Winter has finally arrived in Houghton. The sun is shining, but the thermometer is registering near 0 as we begin the second week of the spring semester. I find the change of seasons—including winter—invigorating and deeply in tune with the rhythms of our world and our lives. We live daily in a world characterized by change, disruption, decline and renewal. Sometimes, these changes are fairly predictable—like the seasons of the year. Sometimes, the disruptions come without warning—like tornadoes or accidents or terminal illness. At this moment, the accelerated pace of change in our culture seems unprecedented and unlikely to abate any time soon. It is a time of “volatility, uncertainty, complexity and ambiguity” (to borrow a list from Bob Johansen’s recent book The New Leadership Literacies). In this world—both at the personal and institutional levels—we search for those things that will give us clarity, stability, security and, above all, hope.
Last week, I journeyed, along with other presidents from Wesleyan institutions of higher education and many of our board members, to a meeting to discuss the changing context for Christian higher education. We reviewed the now fairly standard list of factors precipitating change in higher education in general and private, residential and Christian education in particular: growing government regulation, demographic changes, technology, multiple options for job credentialing, public skepticism about the value of a college degree and the accompanying reluctance to incur debt. We listened to a range of speakers mostly focused on how to do “futurist” thinking—the next stage beyond strategic planning—specifically, how to read markers in our current moment that point to both future disruption and future opportunities. It was invigorating and daunting. Clearly, higher education is not alone in being affected by the dizzying pace of change in our world. We have much to learn from other sectors of our society who have already been forced to come to terms with this new context. We have been, for the most part, slow learners.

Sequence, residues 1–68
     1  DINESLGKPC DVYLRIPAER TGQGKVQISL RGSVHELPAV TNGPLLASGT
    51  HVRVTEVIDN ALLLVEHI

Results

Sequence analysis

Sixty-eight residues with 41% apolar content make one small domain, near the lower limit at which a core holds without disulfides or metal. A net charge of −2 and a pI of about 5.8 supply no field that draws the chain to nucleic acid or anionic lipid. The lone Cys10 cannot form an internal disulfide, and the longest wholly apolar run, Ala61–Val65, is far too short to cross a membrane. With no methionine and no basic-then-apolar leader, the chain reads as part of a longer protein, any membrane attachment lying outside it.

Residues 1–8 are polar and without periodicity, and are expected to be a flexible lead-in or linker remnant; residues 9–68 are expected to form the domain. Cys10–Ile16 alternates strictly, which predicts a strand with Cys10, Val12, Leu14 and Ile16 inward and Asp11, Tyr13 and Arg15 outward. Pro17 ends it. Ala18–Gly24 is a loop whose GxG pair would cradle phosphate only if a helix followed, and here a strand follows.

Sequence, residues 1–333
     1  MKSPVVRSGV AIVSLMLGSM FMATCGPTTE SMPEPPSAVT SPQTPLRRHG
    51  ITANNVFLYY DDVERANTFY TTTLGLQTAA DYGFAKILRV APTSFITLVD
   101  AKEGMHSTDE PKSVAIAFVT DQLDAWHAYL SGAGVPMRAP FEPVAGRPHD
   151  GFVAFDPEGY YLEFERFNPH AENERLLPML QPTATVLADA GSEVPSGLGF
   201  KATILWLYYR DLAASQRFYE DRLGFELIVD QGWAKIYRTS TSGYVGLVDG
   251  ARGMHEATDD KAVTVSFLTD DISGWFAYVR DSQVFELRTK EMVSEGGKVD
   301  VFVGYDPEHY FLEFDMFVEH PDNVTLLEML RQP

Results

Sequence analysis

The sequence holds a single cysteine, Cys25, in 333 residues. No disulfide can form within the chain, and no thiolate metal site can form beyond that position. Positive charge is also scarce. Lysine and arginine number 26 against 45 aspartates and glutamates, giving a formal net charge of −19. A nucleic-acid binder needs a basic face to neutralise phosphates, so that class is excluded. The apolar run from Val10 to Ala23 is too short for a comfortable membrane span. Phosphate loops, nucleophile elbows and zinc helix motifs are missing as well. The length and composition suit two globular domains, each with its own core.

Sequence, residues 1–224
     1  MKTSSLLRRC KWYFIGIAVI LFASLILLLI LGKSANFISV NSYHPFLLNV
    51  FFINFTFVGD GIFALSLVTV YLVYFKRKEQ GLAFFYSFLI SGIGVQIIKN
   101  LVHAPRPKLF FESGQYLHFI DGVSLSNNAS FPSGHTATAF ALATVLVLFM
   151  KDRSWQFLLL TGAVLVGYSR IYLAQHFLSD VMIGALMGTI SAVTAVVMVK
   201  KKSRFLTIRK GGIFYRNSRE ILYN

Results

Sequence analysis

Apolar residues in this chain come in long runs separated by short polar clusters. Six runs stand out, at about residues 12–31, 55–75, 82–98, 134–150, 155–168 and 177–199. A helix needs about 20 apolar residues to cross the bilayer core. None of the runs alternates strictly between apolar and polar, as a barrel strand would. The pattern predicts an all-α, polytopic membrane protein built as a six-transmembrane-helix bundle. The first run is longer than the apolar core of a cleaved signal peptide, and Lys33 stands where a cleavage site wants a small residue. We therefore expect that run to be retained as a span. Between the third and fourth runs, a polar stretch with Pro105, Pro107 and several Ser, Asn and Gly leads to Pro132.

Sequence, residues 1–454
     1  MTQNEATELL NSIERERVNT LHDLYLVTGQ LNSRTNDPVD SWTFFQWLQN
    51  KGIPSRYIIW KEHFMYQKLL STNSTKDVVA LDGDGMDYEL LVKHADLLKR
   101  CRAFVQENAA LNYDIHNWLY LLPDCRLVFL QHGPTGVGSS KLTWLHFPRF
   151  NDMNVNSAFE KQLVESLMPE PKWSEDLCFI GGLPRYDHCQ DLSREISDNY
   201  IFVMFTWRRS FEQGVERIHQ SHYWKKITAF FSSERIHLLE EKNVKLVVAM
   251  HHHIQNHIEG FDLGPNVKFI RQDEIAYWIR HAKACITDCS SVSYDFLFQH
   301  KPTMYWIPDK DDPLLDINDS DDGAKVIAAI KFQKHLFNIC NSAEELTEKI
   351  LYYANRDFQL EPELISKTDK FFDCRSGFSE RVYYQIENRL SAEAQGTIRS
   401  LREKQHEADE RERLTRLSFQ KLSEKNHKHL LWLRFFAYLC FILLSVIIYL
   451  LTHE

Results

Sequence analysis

But coming to terms with the changes is not even the hardest part of our task. We are called to become more culturally “relevant” while also preserving our capacity to prepare graduates to be counter-cultural agents. Let me illustrate. The last speaker at the conference—Michael Gerson, columnist from the Washington Post—sounded a rallying cry for people who can fight three trends he believes are destroying our culture: “polarization, confirmation bias (the tendency for new information to reinforce what one already believes) and dehumanization.”
The task before us as Christian colleges is to continue to find ways to cultivate antidotes to these trends: the capacities of curiosity, “convicted civility” in conversation and generous hospitality to counter polarization; critical thinking skills to counter confirmation bias; and spiritual and moral formation in empathy, moral courage and redemptive hope to counter dehumanization. At the same time, we must speak relevantly to a culture that wants education to be inexpensive, quick, practical and focused on immediate economic productivity.
I came back from the meeting strengthened in my confidence in the relevance of Houghton’s Mission and charged with the need to move even more urgently and carefully to make those changes—even the painful ones—that will allow us to carry on this Mission for generations to come.
I count on your prayers as we seek to be faithful to this compelling and challenging call.
Shirley A. Mullen, Class of 1976